Title: Joey’s Story
Author: Ruth Ann Stelfox
Major Themes: Child Abuse, Adoption
Synopsis: Joey, a young girl in a difficult family situation, fights back with all she has in this true story of the triumph of love and forgiveness.
I knew when I first heard about Joey’s Story that I wanted to read it. The main character is a woman I knew when we were growing up; she’s only a few years younger than I am. I was fascinated to read of her life, remembering, as I read, many of the events and people who were part of her life. However, the book would have been just as good if I didn’t know her.
The story opens with young Joey and her sister Maria struggling in a family with an unemployed father, a mother dying of cancer, three younger siblings including a young baby, and a number of renters (men) living in the basement of the trailer house. An older half-sister and two aunts also nearly live there, and let the girls in on their parties in the basement. The girls are taught to smoke, and often steal the last bits of beer from bottles left around. As their mother’s health deteriorates, the girl’s lives go from bad to worse, and Joey becomes an accomplished thief and shoplifter, as well as learning to swear. After their mother dies, things become even worse, and finally the children are removed from the home. They, and their father, are devastated.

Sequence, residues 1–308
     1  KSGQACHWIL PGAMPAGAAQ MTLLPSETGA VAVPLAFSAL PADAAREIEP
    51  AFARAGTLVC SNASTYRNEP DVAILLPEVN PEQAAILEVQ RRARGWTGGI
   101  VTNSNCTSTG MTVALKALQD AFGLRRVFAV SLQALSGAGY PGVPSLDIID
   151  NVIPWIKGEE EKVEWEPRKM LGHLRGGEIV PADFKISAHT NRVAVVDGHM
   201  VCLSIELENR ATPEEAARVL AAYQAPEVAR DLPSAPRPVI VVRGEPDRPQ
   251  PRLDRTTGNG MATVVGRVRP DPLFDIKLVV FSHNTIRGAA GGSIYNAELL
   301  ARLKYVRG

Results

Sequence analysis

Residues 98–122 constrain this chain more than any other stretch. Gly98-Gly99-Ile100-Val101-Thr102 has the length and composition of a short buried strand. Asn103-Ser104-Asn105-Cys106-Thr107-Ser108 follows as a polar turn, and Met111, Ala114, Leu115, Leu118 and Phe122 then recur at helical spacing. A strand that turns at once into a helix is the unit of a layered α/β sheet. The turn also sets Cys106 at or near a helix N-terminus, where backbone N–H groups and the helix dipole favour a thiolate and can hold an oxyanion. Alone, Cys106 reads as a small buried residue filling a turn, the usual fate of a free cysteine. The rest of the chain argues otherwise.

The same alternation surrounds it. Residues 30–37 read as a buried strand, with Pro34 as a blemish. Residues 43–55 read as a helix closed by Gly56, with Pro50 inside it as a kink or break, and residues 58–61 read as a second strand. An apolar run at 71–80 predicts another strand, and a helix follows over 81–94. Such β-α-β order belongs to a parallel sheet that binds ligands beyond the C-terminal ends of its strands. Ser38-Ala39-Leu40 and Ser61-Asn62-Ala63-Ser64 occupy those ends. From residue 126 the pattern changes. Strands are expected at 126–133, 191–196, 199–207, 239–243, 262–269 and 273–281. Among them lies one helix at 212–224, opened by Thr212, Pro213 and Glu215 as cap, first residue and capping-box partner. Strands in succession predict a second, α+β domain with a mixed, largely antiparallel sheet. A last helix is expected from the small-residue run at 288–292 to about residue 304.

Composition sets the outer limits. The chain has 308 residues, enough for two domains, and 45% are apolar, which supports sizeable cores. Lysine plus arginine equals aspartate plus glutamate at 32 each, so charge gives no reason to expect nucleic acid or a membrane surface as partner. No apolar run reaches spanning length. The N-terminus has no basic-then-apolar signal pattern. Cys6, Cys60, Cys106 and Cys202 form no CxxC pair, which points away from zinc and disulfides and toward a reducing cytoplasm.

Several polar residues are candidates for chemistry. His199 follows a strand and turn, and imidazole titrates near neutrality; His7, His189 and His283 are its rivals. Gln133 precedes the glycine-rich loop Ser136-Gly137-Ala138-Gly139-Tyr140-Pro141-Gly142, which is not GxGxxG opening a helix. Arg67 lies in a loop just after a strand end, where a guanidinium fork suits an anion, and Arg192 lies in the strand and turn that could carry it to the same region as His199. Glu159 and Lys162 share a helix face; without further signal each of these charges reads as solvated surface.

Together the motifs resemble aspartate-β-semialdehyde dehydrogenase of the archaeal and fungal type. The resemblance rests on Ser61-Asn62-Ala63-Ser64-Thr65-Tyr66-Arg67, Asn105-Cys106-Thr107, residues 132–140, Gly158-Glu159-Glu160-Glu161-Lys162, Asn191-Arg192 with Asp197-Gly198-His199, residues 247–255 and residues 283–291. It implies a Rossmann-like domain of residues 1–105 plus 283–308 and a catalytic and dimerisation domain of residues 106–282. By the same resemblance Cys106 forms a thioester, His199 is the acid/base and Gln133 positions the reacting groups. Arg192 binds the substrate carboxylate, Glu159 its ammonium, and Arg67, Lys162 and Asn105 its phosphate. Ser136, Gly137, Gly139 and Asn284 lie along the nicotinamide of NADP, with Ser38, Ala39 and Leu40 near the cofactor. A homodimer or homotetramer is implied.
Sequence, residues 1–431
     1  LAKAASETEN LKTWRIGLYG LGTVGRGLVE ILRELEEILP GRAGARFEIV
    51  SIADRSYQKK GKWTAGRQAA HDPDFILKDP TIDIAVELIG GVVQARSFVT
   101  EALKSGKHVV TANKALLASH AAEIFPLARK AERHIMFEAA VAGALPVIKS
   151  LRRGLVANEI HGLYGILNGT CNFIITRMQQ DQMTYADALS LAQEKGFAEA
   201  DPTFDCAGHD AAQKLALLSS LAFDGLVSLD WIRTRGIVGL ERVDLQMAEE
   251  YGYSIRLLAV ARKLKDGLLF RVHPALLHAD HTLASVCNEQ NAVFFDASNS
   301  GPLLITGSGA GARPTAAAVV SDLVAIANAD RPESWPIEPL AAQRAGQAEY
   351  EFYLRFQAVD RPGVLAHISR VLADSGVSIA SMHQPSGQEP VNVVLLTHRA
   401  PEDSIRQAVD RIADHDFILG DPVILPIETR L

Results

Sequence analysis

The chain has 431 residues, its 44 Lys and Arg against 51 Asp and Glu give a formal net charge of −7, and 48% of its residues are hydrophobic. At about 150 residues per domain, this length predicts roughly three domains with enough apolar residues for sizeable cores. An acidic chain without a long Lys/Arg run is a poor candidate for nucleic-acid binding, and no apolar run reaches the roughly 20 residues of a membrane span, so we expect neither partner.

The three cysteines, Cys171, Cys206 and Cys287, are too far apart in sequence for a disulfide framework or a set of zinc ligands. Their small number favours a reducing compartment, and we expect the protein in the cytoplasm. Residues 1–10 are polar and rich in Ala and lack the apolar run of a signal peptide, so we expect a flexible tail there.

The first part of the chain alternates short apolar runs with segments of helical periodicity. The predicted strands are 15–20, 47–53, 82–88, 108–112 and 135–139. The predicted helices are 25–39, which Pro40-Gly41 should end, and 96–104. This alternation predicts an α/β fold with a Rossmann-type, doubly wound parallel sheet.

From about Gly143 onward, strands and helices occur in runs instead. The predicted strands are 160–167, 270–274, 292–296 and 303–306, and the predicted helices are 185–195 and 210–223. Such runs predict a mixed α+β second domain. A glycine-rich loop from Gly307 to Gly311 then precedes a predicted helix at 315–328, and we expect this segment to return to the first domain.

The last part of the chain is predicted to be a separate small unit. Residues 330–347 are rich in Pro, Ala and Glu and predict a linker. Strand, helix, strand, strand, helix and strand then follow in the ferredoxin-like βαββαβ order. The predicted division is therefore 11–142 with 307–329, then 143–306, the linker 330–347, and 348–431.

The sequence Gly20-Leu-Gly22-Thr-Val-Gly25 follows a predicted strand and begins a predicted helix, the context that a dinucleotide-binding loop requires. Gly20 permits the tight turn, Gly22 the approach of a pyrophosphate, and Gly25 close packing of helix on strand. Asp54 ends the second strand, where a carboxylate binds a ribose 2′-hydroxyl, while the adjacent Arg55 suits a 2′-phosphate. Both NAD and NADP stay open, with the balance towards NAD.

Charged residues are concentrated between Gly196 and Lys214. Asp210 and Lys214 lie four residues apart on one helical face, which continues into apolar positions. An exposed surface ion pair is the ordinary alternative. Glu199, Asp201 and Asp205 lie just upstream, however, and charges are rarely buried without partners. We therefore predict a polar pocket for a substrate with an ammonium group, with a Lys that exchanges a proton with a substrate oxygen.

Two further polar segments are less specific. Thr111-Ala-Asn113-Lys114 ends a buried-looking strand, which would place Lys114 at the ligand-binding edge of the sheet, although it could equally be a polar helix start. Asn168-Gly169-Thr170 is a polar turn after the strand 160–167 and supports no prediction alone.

After living in several foster homes, mostly good, one horrific, the children end up in a Children’s Home. They thrive there—and then their lives are changed again! A family wants to adopt all of them. More adjustments follow, especially when their adoptive father develops cancer. Joey struggles to believe in God after all she has experienced in her young life. Will she ever learn to forgive?
Joey’s Story is a vivid picture of what life is like for all too many children in our world today. It clearly depicts the beauty God can bring out of a ruined life of hurt and sin. This book will make your heart ache for Joey and so many other children in situations like hers. It makes me want to hug my children and love them even more. Not written for children, it is told as discreetly as possible while still showing the horrors of Joey’s young life.
WARNING: Definitely not for children; alludes to various forms of abuse, as well as drinking, smoking and swearing. Nothing is described explicitly.
Reading Independently—Ages 15 and Above, Adults